# Maths - Category Theory - Equaliser and Coequaliser

### Equaliser

In set an injective function defines a subset relationship. In category theory this can be generalised to a monomorphism (monic). if h•f=h•g then f=g (h on left cancels out if it is monic)

### Coequaliser

In set an surjective function defines an equivalence relationship. In category theory this can be generalised to a epimorphism (epi). if f•h=g•h then f=g (h on right cancels out if it is epi)

### Injective and Surjective Functions in Set Theory

We are not really supposed to look inside sets in category theory but I find it helps me to get some intuition.

### Injective Functions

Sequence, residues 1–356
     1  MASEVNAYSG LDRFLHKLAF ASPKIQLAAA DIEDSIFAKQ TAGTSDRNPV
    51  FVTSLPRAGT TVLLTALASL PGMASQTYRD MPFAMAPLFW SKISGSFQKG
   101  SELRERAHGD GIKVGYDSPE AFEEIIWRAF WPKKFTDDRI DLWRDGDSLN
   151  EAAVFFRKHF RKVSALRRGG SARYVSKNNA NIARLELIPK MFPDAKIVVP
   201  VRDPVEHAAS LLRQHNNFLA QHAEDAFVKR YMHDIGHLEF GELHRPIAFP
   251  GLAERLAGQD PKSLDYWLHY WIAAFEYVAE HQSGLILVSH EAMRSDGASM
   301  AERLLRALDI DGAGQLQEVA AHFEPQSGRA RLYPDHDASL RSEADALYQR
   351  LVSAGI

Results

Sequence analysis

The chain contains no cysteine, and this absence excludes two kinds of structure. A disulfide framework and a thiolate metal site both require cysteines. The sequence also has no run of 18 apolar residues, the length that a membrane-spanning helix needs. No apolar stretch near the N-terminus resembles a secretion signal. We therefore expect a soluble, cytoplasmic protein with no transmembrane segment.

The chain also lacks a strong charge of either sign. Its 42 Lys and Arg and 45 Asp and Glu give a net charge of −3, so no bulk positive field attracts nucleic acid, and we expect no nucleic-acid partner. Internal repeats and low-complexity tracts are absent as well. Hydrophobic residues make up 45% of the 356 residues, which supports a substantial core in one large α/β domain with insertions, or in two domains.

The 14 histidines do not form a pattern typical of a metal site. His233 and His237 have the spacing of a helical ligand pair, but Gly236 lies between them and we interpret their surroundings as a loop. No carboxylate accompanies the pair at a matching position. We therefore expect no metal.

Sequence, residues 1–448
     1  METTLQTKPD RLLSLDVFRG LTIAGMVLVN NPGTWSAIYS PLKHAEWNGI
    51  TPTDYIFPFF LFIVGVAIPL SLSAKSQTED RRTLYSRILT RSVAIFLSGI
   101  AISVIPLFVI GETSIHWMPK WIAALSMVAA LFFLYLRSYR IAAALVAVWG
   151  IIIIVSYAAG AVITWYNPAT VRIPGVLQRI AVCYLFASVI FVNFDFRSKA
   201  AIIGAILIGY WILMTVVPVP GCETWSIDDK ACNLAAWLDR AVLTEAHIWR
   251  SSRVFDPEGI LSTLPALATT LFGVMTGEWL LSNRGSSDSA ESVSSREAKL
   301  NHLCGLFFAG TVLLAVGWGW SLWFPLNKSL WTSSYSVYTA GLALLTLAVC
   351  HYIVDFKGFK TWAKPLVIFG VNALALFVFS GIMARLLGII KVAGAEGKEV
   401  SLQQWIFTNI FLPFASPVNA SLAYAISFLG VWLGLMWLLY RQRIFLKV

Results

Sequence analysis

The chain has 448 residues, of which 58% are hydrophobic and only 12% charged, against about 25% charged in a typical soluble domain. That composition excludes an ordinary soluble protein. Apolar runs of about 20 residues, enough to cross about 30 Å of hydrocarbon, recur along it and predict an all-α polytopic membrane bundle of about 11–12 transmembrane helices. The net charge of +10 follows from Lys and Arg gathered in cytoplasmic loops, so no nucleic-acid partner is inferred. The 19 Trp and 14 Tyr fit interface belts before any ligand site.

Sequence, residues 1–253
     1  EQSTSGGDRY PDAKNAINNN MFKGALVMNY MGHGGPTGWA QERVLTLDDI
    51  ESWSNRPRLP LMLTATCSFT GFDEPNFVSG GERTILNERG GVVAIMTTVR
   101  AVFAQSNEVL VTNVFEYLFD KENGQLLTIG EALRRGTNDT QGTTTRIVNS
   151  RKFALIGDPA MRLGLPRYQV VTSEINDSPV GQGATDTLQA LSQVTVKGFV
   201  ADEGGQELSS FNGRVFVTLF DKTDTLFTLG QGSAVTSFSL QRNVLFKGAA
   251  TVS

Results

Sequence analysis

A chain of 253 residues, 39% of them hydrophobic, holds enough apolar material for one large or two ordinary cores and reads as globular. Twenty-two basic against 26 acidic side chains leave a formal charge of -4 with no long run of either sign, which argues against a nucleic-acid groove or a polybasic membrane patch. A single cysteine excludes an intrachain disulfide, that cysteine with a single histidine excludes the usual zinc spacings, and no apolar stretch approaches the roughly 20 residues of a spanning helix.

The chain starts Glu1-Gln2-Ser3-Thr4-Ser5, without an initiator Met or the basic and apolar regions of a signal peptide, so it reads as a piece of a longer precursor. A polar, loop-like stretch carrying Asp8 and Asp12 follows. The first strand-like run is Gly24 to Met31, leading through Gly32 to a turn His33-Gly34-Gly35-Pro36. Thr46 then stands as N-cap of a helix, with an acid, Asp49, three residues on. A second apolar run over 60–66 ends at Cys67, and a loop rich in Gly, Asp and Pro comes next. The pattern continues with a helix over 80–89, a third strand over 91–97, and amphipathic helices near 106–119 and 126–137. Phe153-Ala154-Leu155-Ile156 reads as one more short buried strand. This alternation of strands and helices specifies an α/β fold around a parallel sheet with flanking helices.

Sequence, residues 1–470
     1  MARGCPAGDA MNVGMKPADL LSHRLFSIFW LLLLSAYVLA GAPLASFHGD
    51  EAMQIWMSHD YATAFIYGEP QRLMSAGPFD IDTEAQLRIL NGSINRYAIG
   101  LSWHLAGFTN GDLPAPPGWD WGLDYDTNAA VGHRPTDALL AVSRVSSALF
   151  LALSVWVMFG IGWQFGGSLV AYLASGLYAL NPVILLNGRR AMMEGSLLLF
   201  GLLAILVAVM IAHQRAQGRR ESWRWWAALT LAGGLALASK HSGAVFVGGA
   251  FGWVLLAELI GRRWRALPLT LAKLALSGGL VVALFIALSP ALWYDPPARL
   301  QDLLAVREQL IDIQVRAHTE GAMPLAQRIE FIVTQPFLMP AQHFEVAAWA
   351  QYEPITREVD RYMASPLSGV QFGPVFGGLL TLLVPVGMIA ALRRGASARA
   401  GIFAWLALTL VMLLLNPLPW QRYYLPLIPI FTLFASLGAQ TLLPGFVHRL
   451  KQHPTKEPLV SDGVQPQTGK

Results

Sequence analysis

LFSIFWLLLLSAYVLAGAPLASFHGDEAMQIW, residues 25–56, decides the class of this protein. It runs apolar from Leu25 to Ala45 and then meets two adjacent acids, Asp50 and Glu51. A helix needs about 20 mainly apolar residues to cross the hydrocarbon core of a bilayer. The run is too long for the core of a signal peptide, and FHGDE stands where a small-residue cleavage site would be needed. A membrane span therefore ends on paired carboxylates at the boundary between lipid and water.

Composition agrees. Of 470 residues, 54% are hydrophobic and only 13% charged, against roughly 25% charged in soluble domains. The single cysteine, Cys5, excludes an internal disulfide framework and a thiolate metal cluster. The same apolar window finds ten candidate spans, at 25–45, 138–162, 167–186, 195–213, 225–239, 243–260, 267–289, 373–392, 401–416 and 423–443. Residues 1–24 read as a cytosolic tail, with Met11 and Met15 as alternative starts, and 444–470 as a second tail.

In set an injective function defines a subset relationship. In category theory this can be generalised to a monomorphism (monic).

If the injective function is after the pair then:

h•f=h•g does imply that f=g. ### Equaliser

If the injective function is before the pair then:

f•h=g•h does not necessarily imply that f=g.

However an injective function before the pair can form an equaliser, this selects the elements where 'f' and 'g' agree. ### Surjective Functions

In set an surjective function defines an equivalence relationship. In category theory this can be generalised to a epimorphism (epi).

If the surjective function is before the pair then:

f•h=g•h does imply that f=g. ### Co-equaliser

If the surjective function is after the pair then:

h•f=h•g does not necessarily imply that f=g.

However an surjective function after the pair can form a co-equaliser, merges the elements where 'f' and 'g' do not agree and so the end-to-end function commutes. ## Next

This page describes how equalisers can be generalised to limits and coequalisers can be generalised to colimits.